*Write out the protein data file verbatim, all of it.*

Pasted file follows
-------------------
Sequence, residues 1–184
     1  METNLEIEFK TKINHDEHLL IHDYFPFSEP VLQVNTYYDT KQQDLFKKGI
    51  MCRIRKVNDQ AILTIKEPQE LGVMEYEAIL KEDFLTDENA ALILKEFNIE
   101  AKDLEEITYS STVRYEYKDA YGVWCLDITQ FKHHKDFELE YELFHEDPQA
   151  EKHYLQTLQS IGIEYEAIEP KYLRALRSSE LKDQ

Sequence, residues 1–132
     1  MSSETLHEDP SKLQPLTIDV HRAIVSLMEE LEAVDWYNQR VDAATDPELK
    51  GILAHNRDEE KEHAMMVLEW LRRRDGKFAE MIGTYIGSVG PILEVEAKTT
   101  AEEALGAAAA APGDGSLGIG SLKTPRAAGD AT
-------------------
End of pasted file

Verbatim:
Sequence, residues 1–184
     1  METNLEIEFK TKINHDEHLL IHDYFPFSEP VLQVNTYYDT KQQDLFKKGI
    51  MCRIRKVNDQ AILTIKEPQE LGVMEYEAIL KEDFLTDENA ALILKEFNIE
   101  AKDLEEITYS STVRYEYKDA YGVWCLDITQ FKHHKDFELE YELFHEDPQA
   151  EKHYLQTLQS IGIEYEAIEP KYLRALRSSE LKDQ

Sequence, residues 1–132
     1  MSSETLHEDP SKLQPLTIDV HRAIVSLMEE LEAVDWYNQR VDAATDPELK
    51  GILAHNRDEE KEHAMMVLEW LRRRDGKFAE MIGTYIGSVG PILEVEAKTT
   101  AEEALGAAAA APGDGSLGIG SLKTPRAAGD AT